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Morphing Skin with a tailored Non-Conventional Laminate


Morphing skins are skins that undergo large deformations and change from one state to the other, mainly to optimally adapt the underlying structure to the real time flight requirements. The design of such skins, e.g. in the leading or trailing edge of an aircraft wing, is contradictory in the sense that the skin has to be flexible enough to be able to deform to the aerodynamically optimal configuration with the minimum required actuation energy and on the other hand has to be stiff enough to withstand aerodynamic loads. Combination of contradicting requirements puts fibre steered and/or variable thickness laminates as promising candidates.

The objective of the MOSKIN project is to establish the framework to design such laminates from conceptual phase to laminates that can be manufactured. To facilitate reaching the main goal of the project, which is the development of stiffness tailoring software tool for variable stiffness laminates, the requirement for aerodynamic analysis is eliminated by pre-selecting a target shape to which the initial configuration has to deform. Part of the development is to create an in-house structural FEM code required to perform the analysis, evaluate the deformations and the corresponding sensitivities, which are used as inputs of the stiffness optimiser. The stiffness optimiser outputs the updated properties to the FEM and the loop continues until convergence.

As shown in Figure 1, the tailoring tool is developed based on a multi-step approach which separates the structural performance and manufacturing aspects and uses different algorithms, which can best address each issue in different steps. In the structural performance optimisation step, instead of fibre angles, the laminate stiffness is used as the design variable to eliminate the complexities such as nonconvex design space and large number of design variables. Also, instead of computationally expensive finite element analysis, convex approximations of structural performance are used to evaluate the objective and constraint functions in each optimisation loop. These approximations are built based on the sensitivities of objective and constraints and are updated after each optimisation loop by finite element analysis of the laminate with updated stiffness properties. In the fibre angle/path retrieval step, the distance between the approximated performance or the laminate stiffness of the optimised stiffness laminate and the desired manufacturable laminate is used as the objective to be minimised. The manufacturing constraints include the maximum steering curvature, balanced-symmetric configuration and insertion of ±45 degree layers as the outer layers of the laminate.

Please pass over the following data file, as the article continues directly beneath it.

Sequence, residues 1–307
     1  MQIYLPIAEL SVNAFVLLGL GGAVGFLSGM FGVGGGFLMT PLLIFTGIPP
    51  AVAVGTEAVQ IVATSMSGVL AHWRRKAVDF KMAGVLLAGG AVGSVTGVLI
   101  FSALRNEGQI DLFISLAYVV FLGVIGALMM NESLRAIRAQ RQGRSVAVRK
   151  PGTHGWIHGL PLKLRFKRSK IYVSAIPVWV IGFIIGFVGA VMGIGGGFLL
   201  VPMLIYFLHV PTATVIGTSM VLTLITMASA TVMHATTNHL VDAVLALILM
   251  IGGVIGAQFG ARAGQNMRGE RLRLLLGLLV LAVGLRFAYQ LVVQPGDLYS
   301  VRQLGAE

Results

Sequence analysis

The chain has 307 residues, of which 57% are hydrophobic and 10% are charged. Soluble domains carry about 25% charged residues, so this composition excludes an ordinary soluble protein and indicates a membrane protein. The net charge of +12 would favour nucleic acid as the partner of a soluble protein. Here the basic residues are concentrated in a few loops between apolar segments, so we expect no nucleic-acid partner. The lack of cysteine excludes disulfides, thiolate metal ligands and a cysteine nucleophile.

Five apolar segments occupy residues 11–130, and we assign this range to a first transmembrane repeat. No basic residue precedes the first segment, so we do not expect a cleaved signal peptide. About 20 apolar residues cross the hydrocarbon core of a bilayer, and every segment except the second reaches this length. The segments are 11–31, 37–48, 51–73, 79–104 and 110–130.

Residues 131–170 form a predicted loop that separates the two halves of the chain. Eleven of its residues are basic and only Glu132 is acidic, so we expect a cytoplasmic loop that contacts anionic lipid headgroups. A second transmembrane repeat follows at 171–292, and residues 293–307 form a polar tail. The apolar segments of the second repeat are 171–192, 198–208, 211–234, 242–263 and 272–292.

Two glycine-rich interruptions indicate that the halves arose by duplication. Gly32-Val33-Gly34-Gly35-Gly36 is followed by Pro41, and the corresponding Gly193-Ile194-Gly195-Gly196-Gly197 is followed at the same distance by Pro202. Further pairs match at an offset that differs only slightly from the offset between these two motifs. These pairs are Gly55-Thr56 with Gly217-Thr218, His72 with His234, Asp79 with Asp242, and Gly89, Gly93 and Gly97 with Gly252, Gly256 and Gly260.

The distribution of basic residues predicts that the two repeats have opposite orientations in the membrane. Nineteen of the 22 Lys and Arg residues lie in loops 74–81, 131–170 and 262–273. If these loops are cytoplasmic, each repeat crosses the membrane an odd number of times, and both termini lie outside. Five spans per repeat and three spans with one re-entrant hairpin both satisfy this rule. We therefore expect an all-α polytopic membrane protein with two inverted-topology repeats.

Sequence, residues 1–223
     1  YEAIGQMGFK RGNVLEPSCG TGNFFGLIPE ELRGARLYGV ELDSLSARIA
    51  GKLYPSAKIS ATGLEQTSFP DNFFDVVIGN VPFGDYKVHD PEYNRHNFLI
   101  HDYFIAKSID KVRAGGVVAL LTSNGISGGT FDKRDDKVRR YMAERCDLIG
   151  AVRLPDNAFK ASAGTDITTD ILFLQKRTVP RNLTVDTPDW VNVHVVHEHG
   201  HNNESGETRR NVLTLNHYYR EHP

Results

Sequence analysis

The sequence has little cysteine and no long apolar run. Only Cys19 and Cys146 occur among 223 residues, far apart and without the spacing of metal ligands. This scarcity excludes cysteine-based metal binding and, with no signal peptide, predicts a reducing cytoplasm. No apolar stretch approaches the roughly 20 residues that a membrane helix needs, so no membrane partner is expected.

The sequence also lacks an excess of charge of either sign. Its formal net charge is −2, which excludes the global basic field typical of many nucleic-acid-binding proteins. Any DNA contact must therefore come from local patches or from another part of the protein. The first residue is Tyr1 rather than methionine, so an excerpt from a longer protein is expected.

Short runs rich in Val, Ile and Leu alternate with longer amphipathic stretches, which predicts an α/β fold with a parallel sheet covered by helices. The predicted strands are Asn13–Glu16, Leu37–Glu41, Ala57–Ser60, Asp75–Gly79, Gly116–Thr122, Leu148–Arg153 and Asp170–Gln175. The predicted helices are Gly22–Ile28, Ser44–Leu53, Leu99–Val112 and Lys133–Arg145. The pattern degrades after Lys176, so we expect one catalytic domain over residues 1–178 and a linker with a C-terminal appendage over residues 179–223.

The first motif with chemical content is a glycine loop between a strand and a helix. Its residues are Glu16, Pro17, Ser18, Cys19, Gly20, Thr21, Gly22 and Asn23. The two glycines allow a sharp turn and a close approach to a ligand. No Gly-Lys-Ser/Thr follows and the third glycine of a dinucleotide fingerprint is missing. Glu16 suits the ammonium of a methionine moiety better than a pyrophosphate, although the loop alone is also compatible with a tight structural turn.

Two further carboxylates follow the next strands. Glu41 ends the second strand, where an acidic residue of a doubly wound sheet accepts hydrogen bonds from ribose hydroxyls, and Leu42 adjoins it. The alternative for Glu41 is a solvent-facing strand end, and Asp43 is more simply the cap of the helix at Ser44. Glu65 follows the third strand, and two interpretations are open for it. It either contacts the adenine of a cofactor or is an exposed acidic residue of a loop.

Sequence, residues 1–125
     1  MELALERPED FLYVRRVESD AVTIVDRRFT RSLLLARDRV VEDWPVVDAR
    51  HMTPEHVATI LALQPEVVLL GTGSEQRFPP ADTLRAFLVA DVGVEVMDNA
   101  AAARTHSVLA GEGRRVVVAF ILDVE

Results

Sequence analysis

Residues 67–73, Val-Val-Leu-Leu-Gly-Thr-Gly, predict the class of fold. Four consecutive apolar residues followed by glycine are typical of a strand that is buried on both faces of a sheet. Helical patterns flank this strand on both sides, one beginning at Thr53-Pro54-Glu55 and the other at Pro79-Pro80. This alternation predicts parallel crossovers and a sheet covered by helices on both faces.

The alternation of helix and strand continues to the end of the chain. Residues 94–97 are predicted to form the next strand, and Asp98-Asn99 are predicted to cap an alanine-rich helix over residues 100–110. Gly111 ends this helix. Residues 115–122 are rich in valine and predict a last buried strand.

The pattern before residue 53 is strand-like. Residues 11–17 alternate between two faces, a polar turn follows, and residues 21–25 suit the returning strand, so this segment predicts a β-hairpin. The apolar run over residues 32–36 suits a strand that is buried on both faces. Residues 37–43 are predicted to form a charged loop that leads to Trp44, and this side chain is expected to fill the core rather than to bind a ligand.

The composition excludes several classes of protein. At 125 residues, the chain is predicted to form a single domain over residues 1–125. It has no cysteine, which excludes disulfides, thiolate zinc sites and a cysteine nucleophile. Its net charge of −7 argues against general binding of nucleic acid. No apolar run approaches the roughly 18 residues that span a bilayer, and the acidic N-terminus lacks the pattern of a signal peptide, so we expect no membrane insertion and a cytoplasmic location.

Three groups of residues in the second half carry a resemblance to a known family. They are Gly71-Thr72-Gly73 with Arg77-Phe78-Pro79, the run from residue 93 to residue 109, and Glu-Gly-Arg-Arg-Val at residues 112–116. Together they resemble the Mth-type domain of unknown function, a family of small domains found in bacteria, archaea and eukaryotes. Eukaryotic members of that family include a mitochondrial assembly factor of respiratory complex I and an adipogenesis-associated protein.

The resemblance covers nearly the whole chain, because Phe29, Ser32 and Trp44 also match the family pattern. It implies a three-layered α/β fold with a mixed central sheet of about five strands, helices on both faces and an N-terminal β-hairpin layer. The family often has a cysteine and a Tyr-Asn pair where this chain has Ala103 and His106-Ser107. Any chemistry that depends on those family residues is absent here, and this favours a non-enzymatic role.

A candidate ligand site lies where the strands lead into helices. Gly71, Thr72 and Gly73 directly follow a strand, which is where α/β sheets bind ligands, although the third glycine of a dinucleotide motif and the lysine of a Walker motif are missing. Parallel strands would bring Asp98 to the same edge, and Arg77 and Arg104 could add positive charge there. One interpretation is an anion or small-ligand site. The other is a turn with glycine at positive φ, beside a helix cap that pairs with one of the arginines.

optimisation loop

Figure1 Multi-step optimisation framework

In the beginning, the demonstration article was selected to be a real size leading edge. CoDeT received the geometry and loading of the initial and target configurations from the ITD partners, however, the actuation system and thickness of the laminate were not delivered to CoDeT due to confidentiality issues. Although the developed tool was verified using the design case of a variable thickness straight fibre panel from a previous research, after a lot of trial and error in selecting the actuation loads and laminate thickness, the designed variable stiffness leading edge skins were not able to deform to the defined target shape precisely enough as shown in Figure 2.


Figure2 Deformed QI and VS laminates under two actuation loads (at points 1 and 2) and comparison with the initial and target shapes (actuation loads: Fx(1) = -78 N, Fy(1) = -902 N, Fx(2) = 1571 N, Fy(2) = -716 N)

Due to the limited time and budget, the demonstration article of choice was changed to be a flat panel. The target shape was set to be the deformation of the panel made of an isotropic material and under certain loading conditions. The objective was to design a variable stiffness composite panel which can deform into the target shape under any other loading conditions. The initial design trials were not successful and the reason was diagnosed to be the selected laminate thickness that did not allow the bending stiffness of the variable stiffness panel to be within the required range to deform to the specified target shape, regardless of the stiffness distribution. Later, by knowing the bending stiffness of the isotropic panel, the deformation of which under a load case was set as the target shape, the thickness of the laminate was selected such that a reasonable range of bending stiffness is resulted and hence the variable stiffness panel could always deform to the target shape under any other load cases.

The designed panel was manufactured with an Automated Fibre Placement (AFP) machine and tested using actuators and sand bags weights to resemble dead aerodynamic loads as shown in Figure 3. The measured deflections from the test are very close to the FE analysis results as shown in Figure 4 and the discrepancy could be assigned to the manufacturing strategies and defects, testing apparatus and numerical simulation assumptions.


Figure3 Panel testing under simulated service and actuation loads


a) under dead load b) under dead and service loads

Figure4 Correlation between numerical and experimental results 


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